Outcomes assessment of clinical information system implementation: a practical guide

Nurs Outlook. Nov-Dec 2007;55(6):282-288. doi: 10.1016/j.outlook.2007.09.003.

Abstract

Healthcare information systems (HIS) play a vital role in quality of care and the organization's daily operations. Consequently, increasing numbers of clinicians have been involved in HIS implementation, particularly for clinical information systems (CIS). Implementation of these systems is a major organizational investment, and its outcomes must be assessed. The purpose of this article is to provide clinicians and frontline informaticians with a practical guide to assess these outcomes, focusing on outcome variables, assessment methods, and timing of assessment. Based on in-depth literature reviews and their empirical experiences, the authors identified 3 frequently used outcomes: user satisfaction, clinical outcomes, and financial impact. These outcomes have been assessed employing various methods, including randomized controlled trials, pre- and post-test studies, time and motion studies, surveys, and user testing. The timing for outcomes assessments varied depending on several factors, such as learning curves or patients conditions. In conclusion, outcomes assessment is essential for the success of healthcare information technology, and the CIS implementation team members must be prepared to conduct and/or facilitate these studies.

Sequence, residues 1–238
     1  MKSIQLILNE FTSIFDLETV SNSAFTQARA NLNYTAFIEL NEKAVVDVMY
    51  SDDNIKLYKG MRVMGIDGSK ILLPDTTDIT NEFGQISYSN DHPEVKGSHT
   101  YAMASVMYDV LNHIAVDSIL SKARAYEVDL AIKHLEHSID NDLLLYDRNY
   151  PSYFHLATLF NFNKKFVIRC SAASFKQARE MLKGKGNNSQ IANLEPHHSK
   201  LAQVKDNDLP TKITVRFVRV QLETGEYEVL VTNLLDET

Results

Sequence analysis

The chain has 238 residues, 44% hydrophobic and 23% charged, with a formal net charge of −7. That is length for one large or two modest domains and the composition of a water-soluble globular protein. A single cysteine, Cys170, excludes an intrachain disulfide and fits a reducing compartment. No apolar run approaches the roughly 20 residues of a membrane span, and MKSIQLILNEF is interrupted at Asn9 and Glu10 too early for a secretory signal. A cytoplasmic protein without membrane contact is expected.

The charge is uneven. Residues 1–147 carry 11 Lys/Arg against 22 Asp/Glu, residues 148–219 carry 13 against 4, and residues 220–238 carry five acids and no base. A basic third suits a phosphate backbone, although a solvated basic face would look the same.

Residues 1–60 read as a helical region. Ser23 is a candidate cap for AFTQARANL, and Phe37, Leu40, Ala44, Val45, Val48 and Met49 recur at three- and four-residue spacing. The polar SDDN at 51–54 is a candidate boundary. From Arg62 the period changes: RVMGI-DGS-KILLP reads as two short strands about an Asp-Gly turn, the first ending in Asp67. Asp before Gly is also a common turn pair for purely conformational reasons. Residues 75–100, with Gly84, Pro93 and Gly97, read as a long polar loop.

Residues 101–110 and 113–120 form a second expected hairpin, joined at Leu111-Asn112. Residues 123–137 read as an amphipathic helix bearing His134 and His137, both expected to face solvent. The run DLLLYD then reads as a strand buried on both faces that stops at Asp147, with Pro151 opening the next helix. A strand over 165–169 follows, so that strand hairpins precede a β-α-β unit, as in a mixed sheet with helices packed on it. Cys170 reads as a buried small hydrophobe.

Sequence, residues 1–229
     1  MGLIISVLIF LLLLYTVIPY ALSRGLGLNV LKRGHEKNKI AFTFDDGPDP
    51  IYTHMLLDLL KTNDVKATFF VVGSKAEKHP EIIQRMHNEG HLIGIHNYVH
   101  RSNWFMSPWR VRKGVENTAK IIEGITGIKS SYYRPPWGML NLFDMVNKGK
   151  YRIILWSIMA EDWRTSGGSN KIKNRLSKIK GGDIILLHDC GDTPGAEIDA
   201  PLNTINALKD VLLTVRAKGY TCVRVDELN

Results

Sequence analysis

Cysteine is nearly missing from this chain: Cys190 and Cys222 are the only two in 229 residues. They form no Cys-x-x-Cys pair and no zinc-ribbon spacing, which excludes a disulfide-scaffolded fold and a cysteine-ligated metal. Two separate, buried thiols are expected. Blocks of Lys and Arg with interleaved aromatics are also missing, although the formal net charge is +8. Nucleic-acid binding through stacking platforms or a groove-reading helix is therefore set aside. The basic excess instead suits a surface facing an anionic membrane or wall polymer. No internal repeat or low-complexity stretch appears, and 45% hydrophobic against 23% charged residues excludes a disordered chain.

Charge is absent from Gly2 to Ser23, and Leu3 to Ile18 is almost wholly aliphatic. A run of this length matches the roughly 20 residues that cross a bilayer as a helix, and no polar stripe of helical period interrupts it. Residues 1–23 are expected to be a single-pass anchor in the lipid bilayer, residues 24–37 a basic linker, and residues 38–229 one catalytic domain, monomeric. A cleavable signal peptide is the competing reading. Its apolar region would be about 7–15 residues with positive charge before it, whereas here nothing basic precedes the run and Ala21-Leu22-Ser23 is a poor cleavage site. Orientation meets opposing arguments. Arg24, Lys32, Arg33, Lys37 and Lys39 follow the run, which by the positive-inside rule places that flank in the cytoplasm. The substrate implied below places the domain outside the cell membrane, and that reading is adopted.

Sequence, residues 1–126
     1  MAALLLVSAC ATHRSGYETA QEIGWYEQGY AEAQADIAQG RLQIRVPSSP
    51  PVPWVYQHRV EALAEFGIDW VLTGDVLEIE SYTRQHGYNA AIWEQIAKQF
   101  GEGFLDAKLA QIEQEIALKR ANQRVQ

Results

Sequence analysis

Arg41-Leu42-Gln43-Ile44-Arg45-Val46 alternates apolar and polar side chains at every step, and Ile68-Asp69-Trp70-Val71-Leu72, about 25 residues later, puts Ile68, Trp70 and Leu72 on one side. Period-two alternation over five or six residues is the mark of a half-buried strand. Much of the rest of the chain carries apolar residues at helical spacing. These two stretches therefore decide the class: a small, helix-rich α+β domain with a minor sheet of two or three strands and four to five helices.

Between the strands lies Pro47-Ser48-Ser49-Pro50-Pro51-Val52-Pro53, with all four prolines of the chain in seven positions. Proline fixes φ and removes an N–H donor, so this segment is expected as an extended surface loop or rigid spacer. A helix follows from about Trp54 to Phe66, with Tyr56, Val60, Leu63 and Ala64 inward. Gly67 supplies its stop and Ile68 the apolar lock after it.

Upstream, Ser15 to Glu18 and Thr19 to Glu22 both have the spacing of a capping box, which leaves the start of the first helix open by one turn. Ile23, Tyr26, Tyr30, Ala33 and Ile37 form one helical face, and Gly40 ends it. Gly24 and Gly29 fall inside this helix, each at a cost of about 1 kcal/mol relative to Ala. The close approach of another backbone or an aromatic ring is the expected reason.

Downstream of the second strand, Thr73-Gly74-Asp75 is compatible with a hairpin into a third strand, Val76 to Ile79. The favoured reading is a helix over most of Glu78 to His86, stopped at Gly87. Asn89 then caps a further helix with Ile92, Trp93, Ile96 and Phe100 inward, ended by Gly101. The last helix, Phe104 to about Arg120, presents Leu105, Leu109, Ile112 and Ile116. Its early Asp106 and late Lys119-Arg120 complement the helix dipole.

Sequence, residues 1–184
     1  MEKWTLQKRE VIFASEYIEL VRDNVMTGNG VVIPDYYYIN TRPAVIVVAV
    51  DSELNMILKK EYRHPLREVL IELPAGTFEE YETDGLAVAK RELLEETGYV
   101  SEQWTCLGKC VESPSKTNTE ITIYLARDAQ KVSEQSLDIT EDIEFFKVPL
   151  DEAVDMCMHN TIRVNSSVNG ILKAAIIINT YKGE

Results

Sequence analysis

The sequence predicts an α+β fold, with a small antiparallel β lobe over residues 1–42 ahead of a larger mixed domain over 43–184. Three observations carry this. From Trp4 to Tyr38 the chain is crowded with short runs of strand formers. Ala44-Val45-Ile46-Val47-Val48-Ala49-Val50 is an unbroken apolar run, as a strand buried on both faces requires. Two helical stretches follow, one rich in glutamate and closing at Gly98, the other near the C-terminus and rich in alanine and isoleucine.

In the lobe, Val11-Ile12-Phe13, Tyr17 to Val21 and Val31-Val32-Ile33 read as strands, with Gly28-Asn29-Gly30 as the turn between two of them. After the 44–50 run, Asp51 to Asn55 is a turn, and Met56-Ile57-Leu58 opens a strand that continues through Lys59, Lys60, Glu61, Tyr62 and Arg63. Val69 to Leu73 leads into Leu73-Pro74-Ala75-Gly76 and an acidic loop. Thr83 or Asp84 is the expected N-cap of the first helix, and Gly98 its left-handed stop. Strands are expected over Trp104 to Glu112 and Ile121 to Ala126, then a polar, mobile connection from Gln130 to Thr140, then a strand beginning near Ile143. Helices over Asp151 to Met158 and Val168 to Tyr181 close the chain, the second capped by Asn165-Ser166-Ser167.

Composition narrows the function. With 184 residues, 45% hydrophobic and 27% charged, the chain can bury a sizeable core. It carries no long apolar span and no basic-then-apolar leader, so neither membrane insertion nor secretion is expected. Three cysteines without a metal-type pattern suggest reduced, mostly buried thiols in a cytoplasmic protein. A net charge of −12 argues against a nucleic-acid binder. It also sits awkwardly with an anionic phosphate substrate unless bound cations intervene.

Publication types

  • Review

MeSH terms

  • Attitude of Health Personnel
  • Attitude to Computers
  • Clinical Competence
  • Confounding Factors, Epidemiologic
  • Cost-Benefit Analysis
  • Expert Systems
  • Hospital Information Systems
  • Humans
  • Information Systems / organization & administration*
  • Investments / economics
  • Medical Order Entry Systems / organization & administration*
  • Medical Records Systems, Computerized / organization & administration*
  • Nursing Informatics
  • Nursing Research
  • Outcome Assessment, Health Care / organization & administration*
  • Program Evaluation
  • Qualitative Research
  • Randomized Controlled Trials as Topic
  • Research Design
  • Surveys and Questionnaires
  • Time and Motion Studies
  • User-Computer Interface